Oswego Lake Watershed Council
The Oswego Lake Watershed Council (OLWC) is a locally organized, non-profit, non-regulatory watershed stewardship organization established to improve the condition and health of the Oswego Lake watershed and its stream network.
OLWC AND COVID-19
Oswego Lake Watershed Council’s number one priority is the health of our community and volunteers. We appreciate all of you and want you to know that our staff is closely monitoring the spread of COVID-19 and taking appropriate measures to ensure that we are doing our part to promote wellness in the community. Until further notice, all public events, including volunteer events, have been canceled or postponed.
We are continuing to engage with the OLWC community online by using email and our social media platforms. As always, if you have any questions or concerns, please do not hesitate to reach out to us. We appreciate your patience and hope that all of you continue to stay healthy during this challenging time.
OLWC Staff and Board
Join the Tualatin Soil and Water Conservation District for a free online Weed Watcher Workshop April 21 – May 27!
Weed Watcher workshops are presented annually in the spring to help alert local residents to priority weeds. Each workshop consists of an introduction to invasive species control, a walk-through of the weeds of greatest concern, and a quiz to help you practice identifying these plants. Participants receive an electronic copy of our handy weed ID guide, which includes information on how and where to report infestations.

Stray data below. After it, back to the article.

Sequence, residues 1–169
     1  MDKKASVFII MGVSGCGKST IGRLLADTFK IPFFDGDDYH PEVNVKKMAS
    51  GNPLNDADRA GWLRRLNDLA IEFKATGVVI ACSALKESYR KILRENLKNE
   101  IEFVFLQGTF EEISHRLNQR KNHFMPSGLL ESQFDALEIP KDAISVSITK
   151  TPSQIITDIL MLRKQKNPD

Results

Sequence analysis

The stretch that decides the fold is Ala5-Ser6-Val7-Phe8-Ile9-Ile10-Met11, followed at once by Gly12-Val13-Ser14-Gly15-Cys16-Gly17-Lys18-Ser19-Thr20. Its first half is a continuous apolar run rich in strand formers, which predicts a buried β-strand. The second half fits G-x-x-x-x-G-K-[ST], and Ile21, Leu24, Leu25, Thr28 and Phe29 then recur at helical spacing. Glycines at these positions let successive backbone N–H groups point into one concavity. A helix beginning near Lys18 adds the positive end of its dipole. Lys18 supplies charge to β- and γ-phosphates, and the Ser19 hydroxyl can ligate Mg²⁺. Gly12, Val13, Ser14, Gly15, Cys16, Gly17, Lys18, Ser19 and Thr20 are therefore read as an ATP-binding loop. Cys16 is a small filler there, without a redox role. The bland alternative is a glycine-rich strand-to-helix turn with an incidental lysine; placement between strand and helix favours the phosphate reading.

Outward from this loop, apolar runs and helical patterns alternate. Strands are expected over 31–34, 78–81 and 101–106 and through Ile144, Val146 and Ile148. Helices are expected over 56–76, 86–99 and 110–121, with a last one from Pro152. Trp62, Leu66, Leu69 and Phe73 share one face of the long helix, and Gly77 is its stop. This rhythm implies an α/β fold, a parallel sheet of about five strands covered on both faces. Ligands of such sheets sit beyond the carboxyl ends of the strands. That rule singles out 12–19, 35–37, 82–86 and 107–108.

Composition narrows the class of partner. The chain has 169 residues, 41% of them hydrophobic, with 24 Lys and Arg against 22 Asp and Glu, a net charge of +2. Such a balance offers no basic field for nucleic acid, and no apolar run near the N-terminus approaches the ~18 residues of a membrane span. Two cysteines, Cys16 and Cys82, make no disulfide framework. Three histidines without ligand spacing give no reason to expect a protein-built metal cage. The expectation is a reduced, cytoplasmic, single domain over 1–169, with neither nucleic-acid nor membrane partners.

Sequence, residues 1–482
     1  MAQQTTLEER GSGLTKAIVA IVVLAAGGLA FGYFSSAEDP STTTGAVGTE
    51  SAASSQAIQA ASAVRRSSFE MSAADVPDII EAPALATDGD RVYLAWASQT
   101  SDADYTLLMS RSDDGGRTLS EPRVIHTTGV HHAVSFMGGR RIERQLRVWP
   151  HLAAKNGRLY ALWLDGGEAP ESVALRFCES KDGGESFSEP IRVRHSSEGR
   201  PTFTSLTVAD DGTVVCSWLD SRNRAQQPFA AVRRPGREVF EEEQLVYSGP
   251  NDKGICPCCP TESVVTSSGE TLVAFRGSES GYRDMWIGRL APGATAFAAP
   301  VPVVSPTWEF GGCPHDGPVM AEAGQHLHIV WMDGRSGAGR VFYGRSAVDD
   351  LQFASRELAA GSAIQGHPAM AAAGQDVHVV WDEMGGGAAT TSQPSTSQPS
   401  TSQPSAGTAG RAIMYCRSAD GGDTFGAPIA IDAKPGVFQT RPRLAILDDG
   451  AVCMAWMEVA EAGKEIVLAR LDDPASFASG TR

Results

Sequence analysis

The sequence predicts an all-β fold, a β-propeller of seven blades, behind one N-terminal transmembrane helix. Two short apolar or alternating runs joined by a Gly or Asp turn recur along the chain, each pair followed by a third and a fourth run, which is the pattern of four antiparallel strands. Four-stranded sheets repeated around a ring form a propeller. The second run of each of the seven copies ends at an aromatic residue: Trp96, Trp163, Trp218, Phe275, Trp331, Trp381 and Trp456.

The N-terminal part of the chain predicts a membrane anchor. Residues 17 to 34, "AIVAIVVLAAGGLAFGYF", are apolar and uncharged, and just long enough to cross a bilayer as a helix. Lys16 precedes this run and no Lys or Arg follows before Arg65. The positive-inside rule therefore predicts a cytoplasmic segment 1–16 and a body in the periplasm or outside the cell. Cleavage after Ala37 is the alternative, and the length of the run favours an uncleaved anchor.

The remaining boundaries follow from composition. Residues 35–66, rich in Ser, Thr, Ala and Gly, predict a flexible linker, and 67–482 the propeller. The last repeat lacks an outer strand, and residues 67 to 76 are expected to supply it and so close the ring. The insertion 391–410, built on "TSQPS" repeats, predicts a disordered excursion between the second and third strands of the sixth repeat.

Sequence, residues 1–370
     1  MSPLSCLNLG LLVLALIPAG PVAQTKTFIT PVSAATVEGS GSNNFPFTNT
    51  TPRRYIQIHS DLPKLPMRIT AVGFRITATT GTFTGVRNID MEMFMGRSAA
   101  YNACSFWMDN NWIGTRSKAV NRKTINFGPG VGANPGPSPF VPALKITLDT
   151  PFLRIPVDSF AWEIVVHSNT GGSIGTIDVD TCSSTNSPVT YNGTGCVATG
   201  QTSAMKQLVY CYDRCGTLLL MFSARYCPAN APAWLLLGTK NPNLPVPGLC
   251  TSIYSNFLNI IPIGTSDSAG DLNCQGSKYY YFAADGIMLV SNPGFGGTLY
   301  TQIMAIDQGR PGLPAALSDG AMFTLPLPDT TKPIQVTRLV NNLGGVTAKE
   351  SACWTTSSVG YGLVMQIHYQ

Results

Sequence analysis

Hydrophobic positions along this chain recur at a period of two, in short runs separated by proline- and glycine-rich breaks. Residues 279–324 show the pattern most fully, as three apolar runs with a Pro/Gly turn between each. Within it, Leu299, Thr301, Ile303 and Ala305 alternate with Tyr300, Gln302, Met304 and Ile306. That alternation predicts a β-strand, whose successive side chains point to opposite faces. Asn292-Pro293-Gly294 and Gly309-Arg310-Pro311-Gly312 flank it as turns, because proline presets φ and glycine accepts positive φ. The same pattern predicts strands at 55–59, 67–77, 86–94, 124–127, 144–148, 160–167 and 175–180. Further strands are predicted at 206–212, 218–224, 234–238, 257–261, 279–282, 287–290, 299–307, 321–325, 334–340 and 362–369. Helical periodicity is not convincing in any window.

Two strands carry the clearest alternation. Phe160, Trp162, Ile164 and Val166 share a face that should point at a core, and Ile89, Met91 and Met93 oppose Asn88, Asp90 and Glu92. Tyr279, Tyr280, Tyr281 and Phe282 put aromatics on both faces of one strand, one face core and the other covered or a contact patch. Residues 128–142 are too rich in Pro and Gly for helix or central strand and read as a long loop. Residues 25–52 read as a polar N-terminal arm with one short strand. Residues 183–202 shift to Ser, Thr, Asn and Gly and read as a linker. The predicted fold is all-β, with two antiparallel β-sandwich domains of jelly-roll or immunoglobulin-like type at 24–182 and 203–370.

Let’s Branch Out and
Talk Trees Together!
The Tree Summit is in partnership with the Oswego Lake Watershed Council, the Lake Oswego Sustainability Network, the Mountain Park Homeowners’ Association, and 14 neighborhood associations.
Orange hawkweed (Hieracium aurantiacum) is a fairly new invasive weed in Clackamas County. A member of the sunflower family, orange hawkweek is native to central and southern Europe and grows in areas of poor soil like gravel pits, roadsides, hay fields, pastures, and other disturbed sites.
Click on the image above to find local sources of native plants, including local plant sales, as well as retail, wholesale and native plant seed suppliers.
This list, provided by the East Multnomah WSCD is not comprehensive and is not an endorsement of any organization or business. It is intended to provide a starting place for your own research. For more resources including what plants to use for different conditions (sunny & dry, shady & wet, etc.), click here.
Be a part of the solution. There are many ways to help protect watershed health at home.
The links on this page provide useful information to help you improve water quality and wildlife habitat in your yard and your community.
The Oswego Lake Watershed Council is a non-profit organization established to improve the condition and health of Oswego Lake and its stream network.